Pittsburgh’s offseason choice will come into stark relief on Thursday when the Penguins visit Fleury and the surprising Golden Knights. Moving on from Fleury was difficult but pragmatic. The kids can play.
”To be honest with you we don’t really have a choice,” Buckley said. ”We’ve embraced that challenge … we’ll be better in the long run for it.”
• Andrei Vasilevskiy shut out the St. Louis Blues last night. You can check out the highlights from that game by clicking the video at the top of the page.
• Flames Nation looks at how Seattle possibly getting an expansion team affects the new arena situation in Calgary. (Flames Nation)
• We could be heading toward a 34-team NHL in the not-too-distant future. (USA Today)
• Former Senator Alexei Yashin will be taking part in this weekend’s alumni game, but he doesn’t know what kind of reception he’ll get from the Ottawa faithful. (Ottawa Citizen)
• The Rangers appear to be a pretty good potential trade partner for the Senators, who are looking to make a splash before the Dec. 19 roster freeze. (Blueseatblogs.com)
Player Of The Night: Connor McDavid, Edmonton Oilers
The Edmonton Oilers have at least started to show some signs of life in recent games. They were shutout on Sunday night in Toronto, but sandwiched around that game were a convincing 6-2 win in Montreal and then a thoroughly dominating 7-2 win in Columbus on Tuesday night that left Blue Jackets coach John Tortorella completely speechless.
Leading the way for the Oilers was captain Connor McDavid as he went off with a four-point night.
The four points are a season high for him and the fifth time this season he has recorded at least three points.
That performance gives him 39 points in 31 games on the season and currently has him third in the NHL scoring race, three points behind Tampa Bay Lightning teammates Nikita Kucherov and Steven Stamkos.
Marc-Andre Fleury Probably Deserved Better In His Return To The Lineup
Marc-Andre Fleury made is return to the Vegas Golden Knights net and looked great, stopping 35 of the 37 shots he faced. Unfortunately that was not enough to get Vegas a win as they fell in a shootout to the Carolina Hurricanes, 3-2.
One of those two shots in regulation that beat him? It was this.
That is unfortunate.
Still, that is another point for Vegas as they continue their push for a playoff spot in the Western Conference during their inaugural season in the NHL.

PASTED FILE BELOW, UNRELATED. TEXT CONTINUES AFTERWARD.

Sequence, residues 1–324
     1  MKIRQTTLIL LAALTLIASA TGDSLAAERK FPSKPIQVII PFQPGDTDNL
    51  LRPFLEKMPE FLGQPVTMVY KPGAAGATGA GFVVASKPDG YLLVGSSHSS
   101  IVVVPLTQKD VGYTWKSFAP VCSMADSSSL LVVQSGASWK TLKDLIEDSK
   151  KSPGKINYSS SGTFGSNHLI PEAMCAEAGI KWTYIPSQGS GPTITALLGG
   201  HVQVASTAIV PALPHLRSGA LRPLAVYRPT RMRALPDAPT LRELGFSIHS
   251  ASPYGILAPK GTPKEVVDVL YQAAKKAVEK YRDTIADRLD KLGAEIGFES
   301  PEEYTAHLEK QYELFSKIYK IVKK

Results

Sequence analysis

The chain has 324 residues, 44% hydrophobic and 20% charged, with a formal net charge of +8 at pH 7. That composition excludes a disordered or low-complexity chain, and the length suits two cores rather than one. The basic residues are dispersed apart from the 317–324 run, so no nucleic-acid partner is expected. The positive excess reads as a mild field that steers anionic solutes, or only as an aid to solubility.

Highlight Of The Night
The Philadelphia Flyers were 4-2 winners over the Toronto Maple Leafs and have now, suddenly, won four games in a row following a 10-game losing streak.
They picked up the winner on Tuesday thanks to this goal that featured a crazy between-the-legs pass.
Highlight Of The Night Part Two
Now let us take a look at Johnny Gaudreau from the Calgary Flames. This came in a losing effort in the shootout but this is still a slick move. Maybe illegal? Either way, it counted.
Factoid(s) Of The Night
— By stopping all 32 shots he faced against the St. Louis Blues, Tampa Bay Lightning goaltender Andrei Vasilevskiy picked up his 20th win of the season. He is just the sixth goalie in NHL history to win at least 20 games within his first 25 starts of a season. [NHL Public Relations]
— Matt Cullen scored his 250th career goal in the Minnesota Wild’s 2-1 shootout win over the Calgary Flames, making him the 29th American-born player in NHL history to reach that mark. [Minnesota Wild PR]
— Carolina Hurricanes goalies Cam Ward recorded his 300th career win on Tuesday night in their 3-2 shootout win over the Vegas Golden Knights. He is the fifth active goaltender to reach that mark. [NHL Public Relations]
Buffalo Sabres 3, Ottawa Senators 2
New Jersey Devils 5, Los Angeles Kings 1
Philadelphia Flyers 4, Toronto Maple Leafs 2
Washington Capitals 5, Colorado Avalanche 2
Edmonton Oilers 7, Columbus Blue Jackets 2
Tampa Bay Lightning 3, St. Louis Blues 0
Minnesota Wild 2, Calgary Flames 1
Chicago Blackhawks 3, Florida Panthers 2
Carolina Hurricanes 3, Vegas Golden Knights 2